\pgfdeclarepatternformonly{fivepointed stars easter 2}{\pgfpointorigin}{\pgfpoint{10mm}{10mm}}{\pgfqpoint{10mm}{8mm}}%
{
\pgftransformshift{\pgfqpoint{1mm}{1mm}}
\pgfpathmoveto{\pgfqpointpolar{18}{1mm}}
\pgfpathlineto{\pgfqpointpolar{162}{1mm}}
\pgfpathlineto{\pgfqpointpolar{306}{1mm}}
\pgfpathlineto{\pgfqpointpolar{90}{1mm}}
\pgfpathlineto{\pgfqpointpolar{234}{1mm}}
\pgfpathclose%
\pgfusepath{fill}
}

\tikzset{easter decoration 3/.style={
draw=green!17!yellow,
line width=2pt,
star,
}
}

\pgfdeclarepatternformonly{fivepointed stars easter 3}{\pgfpointorigin}{\pgfpoint{12mm}{12mm}}{\pgfqpoint{12mm}{11mm}}%
{
\pgftransformshift{\pgfqpoint{1mm}{1mm}}
\pgfpathmoveto{\pgfqpointpolar{18}{1mm}}
\pgfpathlineto{\pgfqpointpolar{162}{1mm}}
\pgfpathlineto{\pgfqpointpolar{306}{1mm}}
\pgfpathlineto{\pgfqpointpolar{90}{1mm}}
\pgfpathlineto{\pgfqpointpolar{234}{1mm}}
\pgfpathclose%
\pgfusepath{fill}
}

% * * * * * * * * * * * * * * * * * * * * * * * * * * * * * * * * * * * * * * *

\begin{document}

\begin{tikzpicture}[every node/.style={font=\large}]
\foreach[
evaluate=\k as \tint using {5*(5-\k)+50},
evaluate=\k as \xk using {\k/10}
] \k in {0,...,5} {
\draw[line width=2mm, green!\tint!brown, line cap=round, line join=round] (0,-3) ++(\xk,\xk) ++(-1,0) -- +(2,0);
}
\draw[line width=2mm, brown, line cap=round, line join=round] (0,-3) -- (0,0) ++(-.5,-.5) +(0,2) -- coordinate[pos=.25](a) +(0,0) -- (.5,.5) --  coordinate[pos=.75](b) +(0,2);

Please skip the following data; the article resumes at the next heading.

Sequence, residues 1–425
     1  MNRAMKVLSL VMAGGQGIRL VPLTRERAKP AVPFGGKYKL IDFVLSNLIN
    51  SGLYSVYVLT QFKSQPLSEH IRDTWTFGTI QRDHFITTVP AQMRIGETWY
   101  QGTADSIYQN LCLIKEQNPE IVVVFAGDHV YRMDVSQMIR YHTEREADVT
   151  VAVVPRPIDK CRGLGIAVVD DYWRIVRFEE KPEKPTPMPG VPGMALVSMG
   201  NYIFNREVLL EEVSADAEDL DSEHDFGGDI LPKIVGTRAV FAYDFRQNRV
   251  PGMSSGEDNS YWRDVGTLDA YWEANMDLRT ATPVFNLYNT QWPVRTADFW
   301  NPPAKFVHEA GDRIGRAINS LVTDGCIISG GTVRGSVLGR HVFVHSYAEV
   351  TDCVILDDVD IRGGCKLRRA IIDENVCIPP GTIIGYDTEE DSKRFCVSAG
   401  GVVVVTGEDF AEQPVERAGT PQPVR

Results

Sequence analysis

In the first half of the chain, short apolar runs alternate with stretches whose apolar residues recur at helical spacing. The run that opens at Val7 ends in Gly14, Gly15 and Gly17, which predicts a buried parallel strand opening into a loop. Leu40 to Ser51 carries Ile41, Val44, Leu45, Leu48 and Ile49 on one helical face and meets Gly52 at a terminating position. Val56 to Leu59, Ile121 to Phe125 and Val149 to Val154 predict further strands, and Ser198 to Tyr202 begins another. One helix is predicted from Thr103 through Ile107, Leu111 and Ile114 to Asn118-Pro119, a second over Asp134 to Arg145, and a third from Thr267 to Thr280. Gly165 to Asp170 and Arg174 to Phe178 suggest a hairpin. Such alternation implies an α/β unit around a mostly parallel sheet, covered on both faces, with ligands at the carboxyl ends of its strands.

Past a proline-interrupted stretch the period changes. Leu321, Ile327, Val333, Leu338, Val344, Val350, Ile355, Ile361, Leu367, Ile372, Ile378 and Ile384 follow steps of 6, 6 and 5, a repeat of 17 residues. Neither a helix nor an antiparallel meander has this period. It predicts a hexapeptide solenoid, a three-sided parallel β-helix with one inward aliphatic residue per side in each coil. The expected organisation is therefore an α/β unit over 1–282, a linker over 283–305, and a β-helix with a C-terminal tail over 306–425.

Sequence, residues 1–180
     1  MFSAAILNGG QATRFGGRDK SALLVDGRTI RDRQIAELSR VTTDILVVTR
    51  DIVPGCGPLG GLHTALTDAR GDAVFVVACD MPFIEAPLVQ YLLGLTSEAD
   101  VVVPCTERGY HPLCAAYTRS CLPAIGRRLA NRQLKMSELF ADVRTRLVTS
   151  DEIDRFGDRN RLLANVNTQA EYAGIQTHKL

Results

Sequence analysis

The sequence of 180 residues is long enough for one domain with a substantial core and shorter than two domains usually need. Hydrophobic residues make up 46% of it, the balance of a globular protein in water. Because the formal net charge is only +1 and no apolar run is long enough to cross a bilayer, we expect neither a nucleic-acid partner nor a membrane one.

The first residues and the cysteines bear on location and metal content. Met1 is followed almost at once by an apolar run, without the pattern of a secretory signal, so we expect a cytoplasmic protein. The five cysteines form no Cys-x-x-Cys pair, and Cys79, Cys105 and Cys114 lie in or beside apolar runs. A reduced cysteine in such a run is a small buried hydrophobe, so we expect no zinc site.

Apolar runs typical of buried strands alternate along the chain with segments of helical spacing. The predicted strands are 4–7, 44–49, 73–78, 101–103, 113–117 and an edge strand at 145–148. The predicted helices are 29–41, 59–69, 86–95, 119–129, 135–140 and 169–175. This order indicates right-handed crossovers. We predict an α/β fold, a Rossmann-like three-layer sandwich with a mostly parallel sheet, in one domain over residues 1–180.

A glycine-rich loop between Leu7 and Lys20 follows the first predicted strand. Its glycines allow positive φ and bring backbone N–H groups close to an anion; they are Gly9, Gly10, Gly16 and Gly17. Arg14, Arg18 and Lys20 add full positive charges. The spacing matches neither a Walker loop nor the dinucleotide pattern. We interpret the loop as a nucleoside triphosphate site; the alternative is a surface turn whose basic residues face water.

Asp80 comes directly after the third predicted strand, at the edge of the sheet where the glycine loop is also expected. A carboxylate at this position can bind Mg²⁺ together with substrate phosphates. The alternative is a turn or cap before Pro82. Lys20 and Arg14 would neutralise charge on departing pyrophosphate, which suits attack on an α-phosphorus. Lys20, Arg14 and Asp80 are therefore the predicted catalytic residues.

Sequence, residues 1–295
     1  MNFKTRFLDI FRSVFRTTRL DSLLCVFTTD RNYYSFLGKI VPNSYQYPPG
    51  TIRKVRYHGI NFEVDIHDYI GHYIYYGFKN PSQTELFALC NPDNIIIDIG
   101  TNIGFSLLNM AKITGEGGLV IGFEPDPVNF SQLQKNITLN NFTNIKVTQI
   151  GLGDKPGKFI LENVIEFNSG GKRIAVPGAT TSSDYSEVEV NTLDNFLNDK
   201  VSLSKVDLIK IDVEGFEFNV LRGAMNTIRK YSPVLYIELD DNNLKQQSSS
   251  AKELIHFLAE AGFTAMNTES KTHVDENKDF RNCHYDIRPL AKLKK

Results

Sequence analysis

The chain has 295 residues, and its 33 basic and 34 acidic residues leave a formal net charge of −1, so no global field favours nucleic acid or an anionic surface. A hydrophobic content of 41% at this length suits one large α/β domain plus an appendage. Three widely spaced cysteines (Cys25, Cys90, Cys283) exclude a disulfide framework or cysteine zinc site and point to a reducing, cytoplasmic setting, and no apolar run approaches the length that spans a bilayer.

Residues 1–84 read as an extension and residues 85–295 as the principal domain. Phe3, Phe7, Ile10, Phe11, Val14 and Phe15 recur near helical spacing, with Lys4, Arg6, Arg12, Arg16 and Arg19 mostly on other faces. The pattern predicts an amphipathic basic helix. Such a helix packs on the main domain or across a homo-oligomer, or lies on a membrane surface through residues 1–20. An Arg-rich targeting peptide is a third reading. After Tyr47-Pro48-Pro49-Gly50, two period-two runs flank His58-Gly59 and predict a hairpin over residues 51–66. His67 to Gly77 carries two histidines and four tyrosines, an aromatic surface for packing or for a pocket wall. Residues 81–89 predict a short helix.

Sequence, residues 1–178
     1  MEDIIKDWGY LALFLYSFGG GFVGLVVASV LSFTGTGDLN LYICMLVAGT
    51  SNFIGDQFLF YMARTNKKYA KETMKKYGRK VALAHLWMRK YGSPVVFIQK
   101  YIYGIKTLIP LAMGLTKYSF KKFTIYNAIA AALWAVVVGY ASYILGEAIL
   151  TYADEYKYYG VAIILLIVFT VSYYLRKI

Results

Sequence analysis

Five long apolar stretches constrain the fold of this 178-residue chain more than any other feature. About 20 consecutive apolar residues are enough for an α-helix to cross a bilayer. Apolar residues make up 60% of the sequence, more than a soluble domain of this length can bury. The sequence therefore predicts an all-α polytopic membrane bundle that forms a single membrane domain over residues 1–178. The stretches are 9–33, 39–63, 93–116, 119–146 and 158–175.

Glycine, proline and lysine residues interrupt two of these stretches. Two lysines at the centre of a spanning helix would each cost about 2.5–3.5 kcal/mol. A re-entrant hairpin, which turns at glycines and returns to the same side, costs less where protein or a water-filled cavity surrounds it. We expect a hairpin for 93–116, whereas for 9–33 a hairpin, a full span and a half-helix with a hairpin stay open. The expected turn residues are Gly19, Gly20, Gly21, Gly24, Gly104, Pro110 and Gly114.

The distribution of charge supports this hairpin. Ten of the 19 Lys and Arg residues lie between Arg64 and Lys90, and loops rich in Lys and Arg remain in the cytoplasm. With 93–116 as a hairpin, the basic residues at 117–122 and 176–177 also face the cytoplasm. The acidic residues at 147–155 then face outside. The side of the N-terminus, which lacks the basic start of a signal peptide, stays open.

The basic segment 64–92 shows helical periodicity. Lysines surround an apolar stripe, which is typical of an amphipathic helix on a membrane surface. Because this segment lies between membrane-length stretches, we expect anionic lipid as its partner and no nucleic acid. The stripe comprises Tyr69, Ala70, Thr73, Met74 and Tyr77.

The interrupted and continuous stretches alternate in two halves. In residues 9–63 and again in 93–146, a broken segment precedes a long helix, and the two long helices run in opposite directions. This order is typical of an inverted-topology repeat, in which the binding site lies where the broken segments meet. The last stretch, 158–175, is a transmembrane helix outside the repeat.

\foreach[
evaluate=\k as \tint using {-5*\k+50},
evaluate=\k as \xk using {\k/10}
] \k in {0,...,5} {
\draw[line width=2mm, green!\tint!brown, line cap=round, line join=round] (0,-3) ++(-\xk,-\xk) ++(-1,0) -- +(2,0);
}
\path (a) ++(-3,-2) coordinate(c);
\draw[line width=2mm, red!50!brown, line cap=round, line join=round] (b) -- (c);
\path (c) ++(2.1,-.4) coordinate (d);
\begin{scope}[shift=(d), xscale=-1]
\duck
\end{scope}

\begin{scope}[transform canvas={shift={(17,1.5)},scale=.3,rotate=30},use Hobby shortcut]
%    \node[above,xshift=-3.5cm,yshift=-1.5cm] at (0.5,1){Easter Egg 3};
% path clipping
\clip[scale=-6]([closed=true]0.5,0.1) .. (0.775,0.35) .. (0.5,1) .. (0.225,0.35) .. (0.5,0.1);
\draw[easter bg color=green!77!blue,scale=-6,postaction={pattern=fivepointed stars easter 3,pattern color=green!20!yellow}]([closed=true]0.5,0.1) .. (0.775,0.35) .. (0.5,1) .. (0.225,0.35) .. (0.5,0.1);

\begin{scope}[transform canvas={shift={(-3.5,-3.5)}}]
\node[easter decoration 3,scale=2.25] at (0.55,0.65){};